Achilles Tendinitis


An overuse injury of the Achilles tendon — the band of tissue that connects the calf muscles at the back of the lower leg to the heel bone. Achilles tendinitis is normally caused by an injury sustained during running or other sport activities, due to stress on the tendon, intense physical exercise, jumps or other activities that can strain the tendon and calf muscles. In most cases, this disorder can be treated at home, with continuative and relatively simple procedures that nevertheless require medical supervision.  

To avoid recurrences, it is usually necessary to adopt a number of preventive strategies. The most serious cases of Achilles tendinitis can cause breakage of the tendon and may require surgery to repair the damaged tissues. 

Treatment types

A mixture of phototherapy, ultrasound and magnetotherapy complemented by TENS, if desired.

Method of action


Ultrasound treatment increases the ‘stretchiness’ of muscles and tendons that may be tight. This form of therapy helps to build new tissue and ensure the proper alignment of the tissue fibres so that full strength and flexibility can be restored. In the case of a chronic illness, ultrasound can slow the development and help to manage symptoms.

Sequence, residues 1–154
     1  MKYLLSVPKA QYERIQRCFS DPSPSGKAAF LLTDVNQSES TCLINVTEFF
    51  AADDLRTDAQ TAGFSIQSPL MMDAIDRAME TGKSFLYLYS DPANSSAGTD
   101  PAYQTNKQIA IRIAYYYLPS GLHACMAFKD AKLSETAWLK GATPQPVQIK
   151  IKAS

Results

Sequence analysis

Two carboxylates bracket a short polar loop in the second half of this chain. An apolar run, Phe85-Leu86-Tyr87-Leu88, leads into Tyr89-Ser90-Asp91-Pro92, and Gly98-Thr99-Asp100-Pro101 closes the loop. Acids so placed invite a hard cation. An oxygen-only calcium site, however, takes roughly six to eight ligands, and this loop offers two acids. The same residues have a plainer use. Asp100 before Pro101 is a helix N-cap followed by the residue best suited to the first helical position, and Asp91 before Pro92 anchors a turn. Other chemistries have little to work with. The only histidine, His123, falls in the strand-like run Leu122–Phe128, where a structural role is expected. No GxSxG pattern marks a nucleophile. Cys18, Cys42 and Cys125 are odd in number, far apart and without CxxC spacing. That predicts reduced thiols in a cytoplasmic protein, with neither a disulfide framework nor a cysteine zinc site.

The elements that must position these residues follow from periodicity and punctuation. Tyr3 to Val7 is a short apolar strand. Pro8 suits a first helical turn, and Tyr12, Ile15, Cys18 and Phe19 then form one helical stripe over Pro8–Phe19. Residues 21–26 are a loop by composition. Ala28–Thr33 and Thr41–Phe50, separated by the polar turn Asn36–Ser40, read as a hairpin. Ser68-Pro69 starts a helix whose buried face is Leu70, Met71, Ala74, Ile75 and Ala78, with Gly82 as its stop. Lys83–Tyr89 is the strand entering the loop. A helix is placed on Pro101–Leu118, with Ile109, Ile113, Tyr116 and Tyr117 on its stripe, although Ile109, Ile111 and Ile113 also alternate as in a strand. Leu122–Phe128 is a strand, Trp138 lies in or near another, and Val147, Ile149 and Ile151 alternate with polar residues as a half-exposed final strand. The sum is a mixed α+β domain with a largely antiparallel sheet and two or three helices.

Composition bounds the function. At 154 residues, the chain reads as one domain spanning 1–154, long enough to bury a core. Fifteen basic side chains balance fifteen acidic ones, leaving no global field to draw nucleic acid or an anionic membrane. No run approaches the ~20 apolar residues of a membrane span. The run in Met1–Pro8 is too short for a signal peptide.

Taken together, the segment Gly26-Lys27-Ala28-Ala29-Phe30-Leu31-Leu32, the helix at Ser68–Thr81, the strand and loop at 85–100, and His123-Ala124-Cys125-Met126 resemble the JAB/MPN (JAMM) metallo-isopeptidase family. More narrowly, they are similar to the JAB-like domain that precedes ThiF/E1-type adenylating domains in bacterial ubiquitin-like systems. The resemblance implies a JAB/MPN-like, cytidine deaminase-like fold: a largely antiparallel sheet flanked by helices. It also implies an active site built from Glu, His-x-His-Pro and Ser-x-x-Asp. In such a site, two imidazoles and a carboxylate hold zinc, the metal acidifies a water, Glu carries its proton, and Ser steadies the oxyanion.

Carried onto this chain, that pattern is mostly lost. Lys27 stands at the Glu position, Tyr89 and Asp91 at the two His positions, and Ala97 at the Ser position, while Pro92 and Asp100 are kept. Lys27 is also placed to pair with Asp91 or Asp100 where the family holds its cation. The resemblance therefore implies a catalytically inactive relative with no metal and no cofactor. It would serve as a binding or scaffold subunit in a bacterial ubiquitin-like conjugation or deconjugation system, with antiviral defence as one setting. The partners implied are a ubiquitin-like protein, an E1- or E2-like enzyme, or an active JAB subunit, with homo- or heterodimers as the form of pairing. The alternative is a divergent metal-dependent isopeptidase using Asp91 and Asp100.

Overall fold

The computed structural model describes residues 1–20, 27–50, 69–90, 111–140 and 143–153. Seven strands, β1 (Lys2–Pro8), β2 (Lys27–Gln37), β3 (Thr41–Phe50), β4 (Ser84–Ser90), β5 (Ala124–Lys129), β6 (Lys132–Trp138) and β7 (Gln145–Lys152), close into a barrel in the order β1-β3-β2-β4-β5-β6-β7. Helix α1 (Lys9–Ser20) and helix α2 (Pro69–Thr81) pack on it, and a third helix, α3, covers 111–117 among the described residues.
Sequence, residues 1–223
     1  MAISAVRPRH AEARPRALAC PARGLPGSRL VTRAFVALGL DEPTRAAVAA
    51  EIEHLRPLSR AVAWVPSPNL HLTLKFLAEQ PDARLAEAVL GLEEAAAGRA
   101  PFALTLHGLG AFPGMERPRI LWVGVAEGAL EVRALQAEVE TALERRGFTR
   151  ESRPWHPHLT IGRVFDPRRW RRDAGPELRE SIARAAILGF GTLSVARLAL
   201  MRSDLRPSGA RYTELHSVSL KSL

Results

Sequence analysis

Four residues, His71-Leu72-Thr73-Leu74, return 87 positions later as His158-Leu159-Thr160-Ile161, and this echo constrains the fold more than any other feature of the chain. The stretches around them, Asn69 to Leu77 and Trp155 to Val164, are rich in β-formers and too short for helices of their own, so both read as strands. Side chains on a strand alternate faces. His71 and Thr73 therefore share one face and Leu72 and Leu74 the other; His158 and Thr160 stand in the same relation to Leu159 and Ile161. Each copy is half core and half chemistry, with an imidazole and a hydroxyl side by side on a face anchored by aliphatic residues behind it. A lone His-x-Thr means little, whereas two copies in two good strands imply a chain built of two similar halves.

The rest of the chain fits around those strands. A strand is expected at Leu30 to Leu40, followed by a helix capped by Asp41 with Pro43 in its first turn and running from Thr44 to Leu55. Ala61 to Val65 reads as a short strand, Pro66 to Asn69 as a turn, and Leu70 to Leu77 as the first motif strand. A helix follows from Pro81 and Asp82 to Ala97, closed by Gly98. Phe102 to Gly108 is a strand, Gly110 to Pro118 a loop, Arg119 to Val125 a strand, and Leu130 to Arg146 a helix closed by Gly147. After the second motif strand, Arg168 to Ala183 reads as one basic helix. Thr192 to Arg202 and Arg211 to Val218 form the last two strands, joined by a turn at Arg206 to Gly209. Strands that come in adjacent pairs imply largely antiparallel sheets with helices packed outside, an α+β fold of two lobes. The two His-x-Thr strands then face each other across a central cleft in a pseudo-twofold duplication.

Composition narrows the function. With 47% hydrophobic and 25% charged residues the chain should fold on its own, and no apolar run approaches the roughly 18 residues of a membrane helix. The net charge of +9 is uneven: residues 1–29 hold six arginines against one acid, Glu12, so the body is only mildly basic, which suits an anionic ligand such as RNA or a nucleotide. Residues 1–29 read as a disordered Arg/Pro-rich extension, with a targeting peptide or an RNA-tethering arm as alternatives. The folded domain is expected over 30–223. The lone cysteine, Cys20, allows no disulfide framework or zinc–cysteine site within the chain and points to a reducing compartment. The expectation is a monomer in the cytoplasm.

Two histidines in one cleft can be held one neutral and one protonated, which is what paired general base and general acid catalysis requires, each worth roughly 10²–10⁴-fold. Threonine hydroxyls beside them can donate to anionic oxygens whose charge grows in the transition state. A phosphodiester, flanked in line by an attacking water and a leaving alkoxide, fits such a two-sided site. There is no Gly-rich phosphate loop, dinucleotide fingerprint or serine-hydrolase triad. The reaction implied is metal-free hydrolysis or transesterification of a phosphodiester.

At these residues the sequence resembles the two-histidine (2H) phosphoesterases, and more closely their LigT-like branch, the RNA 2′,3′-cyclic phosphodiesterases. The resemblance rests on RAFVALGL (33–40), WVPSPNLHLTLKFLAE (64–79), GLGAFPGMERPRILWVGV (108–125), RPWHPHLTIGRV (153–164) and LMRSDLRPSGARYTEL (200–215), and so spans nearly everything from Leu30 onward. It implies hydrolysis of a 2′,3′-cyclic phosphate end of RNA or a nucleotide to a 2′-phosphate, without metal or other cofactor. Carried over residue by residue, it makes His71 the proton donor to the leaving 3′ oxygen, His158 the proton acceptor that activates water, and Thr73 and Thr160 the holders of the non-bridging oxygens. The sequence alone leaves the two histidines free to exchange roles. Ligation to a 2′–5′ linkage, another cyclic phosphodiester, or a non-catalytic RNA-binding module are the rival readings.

Ultrasound therapy can: 

  •  Provide an analgesic effect. 
  • Improve blood flow and restore normal cell activity to produce an anti-swelling effect. 

Phototherapy — infrared 

Since infrared therapy enhances and improves circulation in the skin and other parts of the body, it can bring oxygen and nutrients to injured tissues and promote healing. It helps to ease pain, relieve inflammation and protect against oxidative stress.  


Magnetotherapy offers an anti-inflammatory and anti-swelling effect on top of its ability to reduce pain and improve blood circulation. 



The electrical impulses reduce the pain signals going to the spinal cord and brain by temporarily ‘switching off’ the nerve endings of the affected area — thus, helping to relieve pain and relax the muscles. These impulses also stimulate the production of endorphins, which are the body’s natural painkillers.